Voter registrars in three counties maintain that they conducted operations properly despite allegations by congressional candidate David Harmer that they mishandled the vote count after the Nov. 2 election.
A pro bono attorney volunteering for Harmer said in an e-mail that Harmer lost to Rep. Jerry McNerney, D-Pleasanton, due to improprieties in Alameda, Santa Clara and possibly Contra Costa counties. The 11th Congressional District includes the Lodi area.
According to attorney Catharine Baker, the San Joaquin County Registrar’s office in Stockton conducted a clean operation.
“In my view, David Harmer lost this election primarily because of vote-by-mail and provisional ballots cast at the polls on Election Day, and the problems we observed with these ballots are serious,” Baker said in an e-mail dated Friday afternoon.
“The most significant issue was the verification of signatures on vote-by-mail ballots and provisional ballots cast on Election Day,” Baker said. “Verification is the process by which registrar staff determined whether these ballots contained the signatures required by law.”
Baker wrote the e-mail, but it was posted on Harmer’s campaign letterhead and from his e-mail address.
Baker accused Alameda and Santa Clara county registrars of not allowing Harmer volunteers to challenge the validity of voters’ signatures, which she maintains is permitted by law.
Alameda County Registrar Dave Macdonald and Contra Costa County Clerk Steve Weir, however, maintain that people cannot challenge signatures. Weir said that signatures can be challenged for reasons like voters not being who they say they are or county workers aren’t following their procedures.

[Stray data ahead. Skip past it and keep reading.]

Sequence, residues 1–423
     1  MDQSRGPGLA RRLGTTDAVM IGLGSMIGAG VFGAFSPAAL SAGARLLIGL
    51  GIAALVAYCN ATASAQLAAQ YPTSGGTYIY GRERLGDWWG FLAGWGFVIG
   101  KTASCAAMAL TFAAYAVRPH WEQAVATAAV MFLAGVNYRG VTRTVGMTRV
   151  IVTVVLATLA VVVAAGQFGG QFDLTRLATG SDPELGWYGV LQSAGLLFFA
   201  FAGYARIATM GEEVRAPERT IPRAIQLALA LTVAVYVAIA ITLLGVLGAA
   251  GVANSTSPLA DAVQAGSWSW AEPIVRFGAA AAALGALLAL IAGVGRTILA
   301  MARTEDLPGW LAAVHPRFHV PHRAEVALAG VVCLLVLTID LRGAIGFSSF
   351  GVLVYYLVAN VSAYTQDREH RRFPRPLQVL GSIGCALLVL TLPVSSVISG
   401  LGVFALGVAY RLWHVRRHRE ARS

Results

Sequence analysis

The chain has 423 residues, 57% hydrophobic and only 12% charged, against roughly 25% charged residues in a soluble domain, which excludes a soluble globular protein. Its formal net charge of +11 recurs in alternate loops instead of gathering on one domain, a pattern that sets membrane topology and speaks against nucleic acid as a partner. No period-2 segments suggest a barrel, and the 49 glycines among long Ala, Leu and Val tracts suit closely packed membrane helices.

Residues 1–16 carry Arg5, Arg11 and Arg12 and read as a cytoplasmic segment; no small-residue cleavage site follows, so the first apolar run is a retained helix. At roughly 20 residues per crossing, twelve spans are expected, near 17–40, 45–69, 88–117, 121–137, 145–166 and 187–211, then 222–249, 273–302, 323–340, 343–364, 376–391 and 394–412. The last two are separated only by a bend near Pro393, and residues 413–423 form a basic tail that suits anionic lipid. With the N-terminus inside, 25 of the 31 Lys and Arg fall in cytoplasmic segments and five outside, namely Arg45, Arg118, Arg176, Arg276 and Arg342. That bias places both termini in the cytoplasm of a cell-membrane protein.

Macdonald acknowledges that there are differences of opinion on the legality of challenging signatures.
Nevertheless, Macdonald said, “I think the Election Code is crystal clear.”
Harmer’s camp maintains that during much of the post-election vote count, Contra Costa County allowed Harmer’s volunteers to observe signature verification from behind a glass wall several feet away, making it impossible to see clearly the signatures being compared for accuracy.
Weir replied, “As an accommodation, we’d let some people in, if they wanted limited access, but not to stand there because we would need a supervisor there.”
According to Baker, Alameda County approved ballots that had ballot signatures that didn’t match the registered voters’ signature. There were also absentee and provisional ballots for which there was no registration signature on file and some absentee ballots that didn’t have the voter’s signature on the ballot at all, Baker said.
In Santa Clara County, spokeswoman Elma Rosas gave a brief statement: “If it didn’t have a signature at all, we can’t count it.”
Baker maintains that Harmer volunteers witnessed Santa Clara County workers of approving ballots that lacked a voter’s signature.
Despite the allegations by Harmer’s campaign, the Republican candidate from San Ramon has no intent of seeking a recount of the election results because McNerney’s lead is large enough to prevail anyway.
McNerney received 115,361 votes (48.0 percent) to Harmer’s 112,703 votes (46.9 percent).
Harmer spokesman Tim Clark said on Monday that he only hopes that reforms can be made in the vote-counting process in time for the 2012 election.
In addition to the Lodi area, the 11th Congressional District includes most of San Joaquin County, Brentwood, most of the San Ramon and Livermore valleys, and the city of Morgan Hill in Santa Clara County.
Contact reporter Ross Farrow at firstname.lastname@example.org.